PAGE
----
Subjectivity in Photography

Is a photograph really not subject to question? The camera itself may add 10 pounds, but others can also edit a digital photo to make it show whatever they want.

One of my favorite shows, Prison Break, shows an extreme (and probably unrealistic) case of this.  When a top secret agent is kicked out of his position, which was close to the President, they digitally remove him from every single photo where the two are spotted together.

The meaning we derive from photographs is a combination of both subjectivity and objectivity. They can both inform and express at the same time, which is why they are so powerful.

Society Values Skinny

What bothers me is the societal value in super skinny models.  The fact that companies continue to use them today, is telling viewers that that is what is attractive.  Despite all the “love your curves” and “curvy is beautiful”, you don’t see Victoria’s Secret using fuller models.  This perpetuates the body image problems among females in our society today.

American Eagle recently launched an ad campaign where they use “real girls” with “real flaws”.  However, to me they still seem to be representing only the thinner girls of this “real” spectrum.  What do you think?

Images and Ideology

Images are produced to construct, add to, or question our ideologies.  They become so natural, that they are a part of our daily lives without a second thought.

Images act as an important mode of identification.  They are used on licenses, passports, and even credit cards to verify our identity.  I recently had to take a look at my old passport because I’m renewing it.  I was 14 and had a mouth full of blue braces (it wasn’t pretty).

Assumptions of Images:

  • Beauty
  • Desire
  • Glamour
  • Social Value

Images are taken more easily with the help of cell phones.  The typical smart phone can take a picture or video and email it or upload it within seconds.  Depending on the public’s level of interest, the image can circulate at a rate that only the Internet makes possible.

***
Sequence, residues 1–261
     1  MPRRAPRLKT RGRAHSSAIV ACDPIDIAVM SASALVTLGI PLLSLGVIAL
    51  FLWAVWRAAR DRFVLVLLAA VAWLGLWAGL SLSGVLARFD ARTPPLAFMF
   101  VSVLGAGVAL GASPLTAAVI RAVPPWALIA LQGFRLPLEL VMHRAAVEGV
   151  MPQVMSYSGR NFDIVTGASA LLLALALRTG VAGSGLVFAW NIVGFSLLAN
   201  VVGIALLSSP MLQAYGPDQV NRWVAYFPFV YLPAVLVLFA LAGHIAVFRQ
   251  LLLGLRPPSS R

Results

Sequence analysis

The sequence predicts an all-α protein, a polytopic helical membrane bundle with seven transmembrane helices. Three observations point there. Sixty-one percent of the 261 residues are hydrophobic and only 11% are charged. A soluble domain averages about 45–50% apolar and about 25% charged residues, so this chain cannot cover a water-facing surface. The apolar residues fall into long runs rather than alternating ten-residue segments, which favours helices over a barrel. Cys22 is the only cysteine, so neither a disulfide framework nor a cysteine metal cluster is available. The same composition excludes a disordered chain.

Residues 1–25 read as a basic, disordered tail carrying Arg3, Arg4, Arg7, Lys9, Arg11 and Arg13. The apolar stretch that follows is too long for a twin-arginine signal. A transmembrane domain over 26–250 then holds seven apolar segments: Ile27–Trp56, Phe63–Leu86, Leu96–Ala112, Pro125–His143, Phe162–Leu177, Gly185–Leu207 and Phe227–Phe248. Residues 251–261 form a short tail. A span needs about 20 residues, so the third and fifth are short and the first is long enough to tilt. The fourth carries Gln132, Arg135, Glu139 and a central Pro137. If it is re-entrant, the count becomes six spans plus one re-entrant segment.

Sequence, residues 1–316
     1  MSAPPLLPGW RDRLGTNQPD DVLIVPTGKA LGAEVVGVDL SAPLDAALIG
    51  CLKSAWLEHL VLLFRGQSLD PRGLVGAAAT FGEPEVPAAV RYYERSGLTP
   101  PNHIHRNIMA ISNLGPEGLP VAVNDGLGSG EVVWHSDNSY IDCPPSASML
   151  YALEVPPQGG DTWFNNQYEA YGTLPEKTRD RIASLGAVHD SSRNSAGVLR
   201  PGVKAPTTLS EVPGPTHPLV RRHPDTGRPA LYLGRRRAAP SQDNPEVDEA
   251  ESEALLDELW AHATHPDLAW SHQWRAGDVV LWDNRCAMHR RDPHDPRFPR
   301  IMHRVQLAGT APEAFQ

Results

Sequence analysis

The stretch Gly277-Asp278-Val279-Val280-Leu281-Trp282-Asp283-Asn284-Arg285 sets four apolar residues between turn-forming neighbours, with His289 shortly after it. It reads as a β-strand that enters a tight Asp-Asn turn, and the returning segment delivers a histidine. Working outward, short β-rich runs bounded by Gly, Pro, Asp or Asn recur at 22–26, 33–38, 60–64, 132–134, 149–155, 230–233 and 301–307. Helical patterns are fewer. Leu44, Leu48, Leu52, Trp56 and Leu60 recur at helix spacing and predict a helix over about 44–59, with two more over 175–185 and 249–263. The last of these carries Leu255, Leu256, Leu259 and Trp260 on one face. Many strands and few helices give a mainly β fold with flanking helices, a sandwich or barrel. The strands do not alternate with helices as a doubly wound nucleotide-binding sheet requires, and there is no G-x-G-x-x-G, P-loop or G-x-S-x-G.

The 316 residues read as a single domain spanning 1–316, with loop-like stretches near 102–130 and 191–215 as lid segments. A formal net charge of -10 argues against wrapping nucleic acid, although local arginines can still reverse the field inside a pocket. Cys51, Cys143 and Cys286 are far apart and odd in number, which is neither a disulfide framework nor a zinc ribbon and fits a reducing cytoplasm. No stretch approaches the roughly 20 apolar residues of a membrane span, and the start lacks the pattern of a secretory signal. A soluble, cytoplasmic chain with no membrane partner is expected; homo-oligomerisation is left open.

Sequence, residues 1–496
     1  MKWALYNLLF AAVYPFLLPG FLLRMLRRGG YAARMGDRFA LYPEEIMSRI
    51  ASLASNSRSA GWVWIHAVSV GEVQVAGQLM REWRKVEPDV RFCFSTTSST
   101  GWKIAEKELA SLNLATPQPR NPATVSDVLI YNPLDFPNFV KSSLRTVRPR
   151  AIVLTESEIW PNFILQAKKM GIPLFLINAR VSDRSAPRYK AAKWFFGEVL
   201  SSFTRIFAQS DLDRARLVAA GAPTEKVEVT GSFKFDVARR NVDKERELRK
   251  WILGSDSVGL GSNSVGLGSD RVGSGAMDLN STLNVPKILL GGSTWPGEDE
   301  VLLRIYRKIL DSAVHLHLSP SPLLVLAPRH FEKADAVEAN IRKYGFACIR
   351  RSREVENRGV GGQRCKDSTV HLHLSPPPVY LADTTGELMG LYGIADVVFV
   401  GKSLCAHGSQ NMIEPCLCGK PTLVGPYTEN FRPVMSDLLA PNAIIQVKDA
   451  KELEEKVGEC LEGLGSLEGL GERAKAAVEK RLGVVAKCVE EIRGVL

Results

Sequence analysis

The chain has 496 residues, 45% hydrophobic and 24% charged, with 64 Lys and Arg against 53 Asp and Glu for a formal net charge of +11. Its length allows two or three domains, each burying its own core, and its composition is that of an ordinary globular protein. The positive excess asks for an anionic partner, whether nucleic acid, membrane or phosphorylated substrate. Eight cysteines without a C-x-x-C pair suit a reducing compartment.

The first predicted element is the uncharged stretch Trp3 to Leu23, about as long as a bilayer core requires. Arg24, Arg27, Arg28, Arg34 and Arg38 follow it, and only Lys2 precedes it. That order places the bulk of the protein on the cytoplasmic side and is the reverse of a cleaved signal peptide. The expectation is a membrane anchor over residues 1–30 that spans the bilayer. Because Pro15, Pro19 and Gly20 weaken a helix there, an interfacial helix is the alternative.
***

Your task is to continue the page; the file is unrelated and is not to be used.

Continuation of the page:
Meaning of Images

Company logos are more than just an image.  They acquire a denotative meaning that can be either positive or negative.  The meaning can be simple, but it also depends on the sociocultural context in which it is being interpreted.

Factors of Meaning:

  • Color
  • Shades
  • Tone
  • Contrast
  • Composition
  • Depth
  • Perspective
  • Style


Barthe distinguishes between the signifier and the signified, or the image at hand and the meaning we take respectively. In the case of Starbucks, the woman is the signifier and chic, high quality coffee is the meaning (or maybe that’s just me – I love my grande skinny mocha).


But the image is not merely a picture – it also includes text.  This is usually important for establishing meaning in the advertising sense.

Three Signs of Representation:

  1. Iconic – resemble object in some way
  2. Indexical – relationship between image and interpreter
  3. Symbolic – arbitrary meaning associated with image

Value of Images

Why do we enjoy (or at least some of us) going to art museums and staring at paintings and sculptures? It is because we enjoy looking for meaning in works of art, whether it is social, cultural, or historical.  Even those who are not artists themselves appreciate the possible meanings behind any one painting.